Keeping Dogs Out of Shelters

Making a Comeback After Going Through a RUFF Time is PAWSible

Chance and Parker’s PAWSibility #83 – Making a Comeback After Going Through a RUFF Time


Chance, Parker and I are on the comeback trail. We went through a rough time being separated, and were recently reunited.

Most of 2014 felt like being caught in a riptide as a tsunami engulfed me. I struggled and struggled to swim directly to shore with strong strokes and hard kicks. I got nowhere. Fast.

When I learned to relax and swim parallel to the shoreline in order to escape the riptide, things started looking up. The sky was blue, and safety of the beach looked closer. Then, BAM! Dark clouds rolled in delivering lightning and high winds. A massive tidal wave pummeled me and thrust me hard down against the ocean floor. The intense current tossed and turned me uncontrollably under water. I was disoriented. Finally, my head popped above water. I took a quick breath, and then started to fight against the riptide, again. Eventually, I just let go. I trusted what was meant to be, and washed to shore.

The tsunami that hit was a living situation that forced me to break apart my family in early November 2014. At the time, I had three dogs:
* Chance, who started having serious health issues earlier in the year
* Parker, who suffers separation anxiety
* Pinot, who was my newly adopted foster fail

I will share more details in future posts. For now, I will just say my entire world fell apart when my landlord told me I had to “get rid” of two of my three dogs. They were my family. I was devastated. I was also stuck. My lease was not up until April 1, 2015.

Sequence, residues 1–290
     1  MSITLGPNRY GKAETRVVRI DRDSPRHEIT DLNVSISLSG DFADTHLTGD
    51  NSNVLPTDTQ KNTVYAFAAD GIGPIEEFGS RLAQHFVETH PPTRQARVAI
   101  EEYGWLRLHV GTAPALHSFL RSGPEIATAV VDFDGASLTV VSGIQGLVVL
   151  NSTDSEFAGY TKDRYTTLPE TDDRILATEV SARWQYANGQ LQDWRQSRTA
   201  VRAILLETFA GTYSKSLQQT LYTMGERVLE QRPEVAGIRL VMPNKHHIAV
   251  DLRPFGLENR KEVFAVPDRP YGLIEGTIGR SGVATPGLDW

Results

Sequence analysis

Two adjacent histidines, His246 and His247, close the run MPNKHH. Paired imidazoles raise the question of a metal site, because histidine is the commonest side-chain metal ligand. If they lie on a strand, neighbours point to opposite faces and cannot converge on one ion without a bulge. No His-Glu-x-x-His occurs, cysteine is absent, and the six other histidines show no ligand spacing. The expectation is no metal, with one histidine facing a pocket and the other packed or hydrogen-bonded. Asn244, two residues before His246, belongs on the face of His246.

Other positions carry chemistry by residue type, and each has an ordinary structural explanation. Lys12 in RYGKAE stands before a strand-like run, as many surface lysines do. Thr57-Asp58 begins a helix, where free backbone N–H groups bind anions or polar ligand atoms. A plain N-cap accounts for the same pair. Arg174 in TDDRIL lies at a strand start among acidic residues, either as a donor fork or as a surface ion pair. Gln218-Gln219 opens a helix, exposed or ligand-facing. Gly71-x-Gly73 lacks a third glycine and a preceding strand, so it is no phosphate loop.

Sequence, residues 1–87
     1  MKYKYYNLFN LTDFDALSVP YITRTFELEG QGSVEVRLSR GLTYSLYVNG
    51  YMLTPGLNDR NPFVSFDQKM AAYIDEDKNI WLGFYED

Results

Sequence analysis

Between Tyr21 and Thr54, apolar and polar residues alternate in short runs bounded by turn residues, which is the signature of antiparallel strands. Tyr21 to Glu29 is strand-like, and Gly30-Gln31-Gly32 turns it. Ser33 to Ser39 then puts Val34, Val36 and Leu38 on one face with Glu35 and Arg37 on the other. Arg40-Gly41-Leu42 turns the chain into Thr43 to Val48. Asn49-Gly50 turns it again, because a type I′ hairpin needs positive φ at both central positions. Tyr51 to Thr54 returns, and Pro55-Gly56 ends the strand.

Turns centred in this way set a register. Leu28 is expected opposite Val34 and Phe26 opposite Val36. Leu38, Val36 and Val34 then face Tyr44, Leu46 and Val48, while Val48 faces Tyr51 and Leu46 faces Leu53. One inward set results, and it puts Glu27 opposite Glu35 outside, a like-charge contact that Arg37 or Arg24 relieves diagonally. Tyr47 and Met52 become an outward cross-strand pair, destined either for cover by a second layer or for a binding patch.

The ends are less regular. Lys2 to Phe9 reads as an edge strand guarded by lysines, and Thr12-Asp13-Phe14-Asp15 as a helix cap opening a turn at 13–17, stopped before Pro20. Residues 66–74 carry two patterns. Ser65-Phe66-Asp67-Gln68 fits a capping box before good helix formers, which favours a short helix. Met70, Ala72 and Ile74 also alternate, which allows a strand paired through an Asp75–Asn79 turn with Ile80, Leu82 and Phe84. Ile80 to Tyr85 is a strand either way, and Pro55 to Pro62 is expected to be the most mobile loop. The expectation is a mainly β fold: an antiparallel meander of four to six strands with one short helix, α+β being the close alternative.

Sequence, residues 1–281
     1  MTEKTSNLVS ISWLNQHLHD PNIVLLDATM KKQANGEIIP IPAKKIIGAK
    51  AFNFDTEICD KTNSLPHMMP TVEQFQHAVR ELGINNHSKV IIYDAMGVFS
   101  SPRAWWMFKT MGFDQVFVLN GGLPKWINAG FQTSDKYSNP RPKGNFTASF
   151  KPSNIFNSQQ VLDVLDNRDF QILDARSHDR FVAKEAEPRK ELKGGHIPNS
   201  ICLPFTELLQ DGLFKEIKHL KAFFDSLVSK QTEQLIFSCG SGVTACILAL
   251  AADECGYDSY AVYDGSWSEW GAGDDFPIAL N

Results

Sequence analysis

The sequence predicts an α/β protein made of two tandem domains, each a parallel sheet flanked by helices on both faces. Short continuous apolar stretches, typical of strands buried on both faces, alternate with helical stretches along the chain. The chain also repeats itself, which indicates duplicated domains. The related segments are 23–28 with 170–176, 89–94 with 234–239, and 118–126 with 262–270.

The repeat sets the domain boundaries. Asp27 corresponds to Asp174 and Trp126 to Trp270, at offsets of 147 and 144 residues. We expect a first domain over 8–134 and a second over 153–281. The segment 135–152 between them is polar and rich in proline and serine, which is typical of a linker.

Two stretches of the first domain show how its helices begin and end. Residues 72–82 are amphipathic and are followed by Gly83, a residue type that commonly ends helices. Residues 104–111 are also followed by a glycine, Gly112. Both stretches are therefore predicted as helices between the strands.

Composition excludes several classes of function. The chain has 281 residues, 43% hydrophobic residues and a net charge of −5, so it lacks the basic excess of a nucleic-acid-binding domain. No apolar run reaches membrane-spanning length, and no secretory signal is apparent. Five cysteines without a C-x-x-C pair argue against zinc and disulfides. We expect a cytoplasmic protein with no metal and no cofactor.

I was lucky. I had options. They were hard choices, but not life-threatening choices. Chance stayed with me so I could monitor him closely and take care of his medical needs. Parker stayed with my mom and step-dad for four months. Pinot found a wonderful new forever family with my friend and former dog walker.

Like many of you, the idea of surrendering any of my dogs to a shelter was unfathomable to me. It just wasn’t an option. Surrendering your dog or cat to a shelter can be a death sentence. The statistics are improving, but still awful. Both ASPCA and HSUS publish that nearly 3 million healthy adoptable dogs and cats that enter shelters across the U.S. are euthanized each year. Three million beautiful lives cut short.

What if you are not as fortunate as me? What if you do not have dog or cat loving people in your life who will step up and help you keep your beloved pet out of the shelter? What if your dog is sick and you recently lost your job? What if you not only lost your job, but also do not have a place to live?

Sometimes, the only thing keeping you going is the love of your dog. You don’t have to lose that, too. Animal shelters are not your only option.

One of my favorite dog rescue organizations in Los Angeles, Downtown Dog Rescue, started an innovative Shelter Intervention Program in April 2013. The compassion, understanding and problem solving of the staff and volunteers goes above and beyond any I’ve ever witnessed. They find solutions and help thousands of families keep their pets.

The program is growing with services offered in three Los Angeles area shelters:
* South Los Angeles
* East Valley
* North Central

I also recently learned about a wonderful program sponsored by No Kill Oakland-PALS East Bay: The Rainbow Bridge Fund. This fund supports seniors who have entered the shelter and are nearing the end of their lives. They are able to live the rest of their days receiving an abundance of comfort and love in the home of a compassionate foster.

Does your city have similar programs? Please tell me about it.

Let’s get the word out. Let’s save lives. Together. Every being deserves to make a comeback.